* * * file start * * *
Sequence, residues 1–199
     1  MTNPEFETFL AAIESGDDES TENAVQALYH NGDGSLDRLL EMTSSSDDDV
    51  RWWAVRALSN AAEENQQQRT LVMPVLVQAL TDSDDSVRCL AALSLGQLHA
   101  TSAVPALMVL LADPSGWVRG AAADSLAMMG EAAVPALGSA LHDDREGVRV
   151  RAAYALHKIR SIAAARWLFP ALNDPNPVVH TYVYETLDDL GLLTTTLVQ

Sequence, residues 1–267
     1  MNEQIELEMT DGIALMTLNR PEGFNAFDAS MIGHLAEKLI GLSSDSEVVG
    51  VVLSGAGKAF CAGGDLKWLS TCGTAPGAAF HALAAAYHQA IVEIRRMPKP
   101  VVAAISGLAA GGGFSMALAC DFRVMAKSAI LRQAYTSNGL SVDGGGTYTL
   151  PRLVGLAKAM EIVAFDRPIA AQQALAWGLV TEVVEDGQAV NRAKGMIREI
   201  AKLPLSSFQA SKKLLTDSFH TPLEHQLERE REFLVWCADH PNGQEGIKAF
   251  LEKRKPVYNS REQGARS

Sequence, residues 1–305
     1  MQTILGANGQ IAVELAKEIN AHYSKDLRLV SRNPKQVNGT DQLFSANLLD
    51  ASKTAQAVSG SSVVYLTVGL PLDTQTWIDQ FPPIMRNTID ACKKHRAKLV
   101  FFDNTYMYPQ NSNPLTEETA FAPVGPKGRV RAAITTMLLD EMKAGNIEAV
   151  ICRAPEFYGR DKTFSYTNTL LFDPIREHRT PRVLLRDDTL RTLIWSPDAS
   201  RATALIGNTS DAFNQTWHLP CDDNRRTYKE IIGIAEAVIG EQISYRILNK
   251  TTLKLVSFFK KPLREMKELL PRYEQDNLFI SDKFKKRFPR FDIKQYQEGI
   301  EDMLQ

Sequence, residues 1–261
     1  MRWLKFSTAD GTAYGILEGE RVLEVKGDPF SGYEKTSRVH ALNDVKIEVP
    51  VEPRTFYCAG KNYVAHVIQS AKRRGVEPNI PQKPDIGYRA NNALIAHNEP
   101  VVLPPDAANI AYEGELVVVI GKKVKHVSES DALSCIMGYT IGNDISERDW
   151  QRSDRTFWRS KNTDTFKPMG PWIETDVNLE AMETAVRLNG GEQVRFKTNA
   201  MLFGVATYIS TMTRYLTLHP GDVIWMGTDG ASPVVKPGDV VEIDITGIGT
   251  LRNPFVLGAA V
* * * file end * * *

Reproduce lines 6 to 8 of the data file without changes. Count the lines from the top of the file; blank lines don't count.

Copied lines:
Sequence, residues 1–267
     1  MNEQIELEMT DGIALMTLNR PEGFNAFDAS MIGHLAEKLI GLSSDSEVVG
    51  VVLSGAGKAF CAGGDLKWLS TCGTAPGAAF HALAAAYHQA IVEIRRMPKP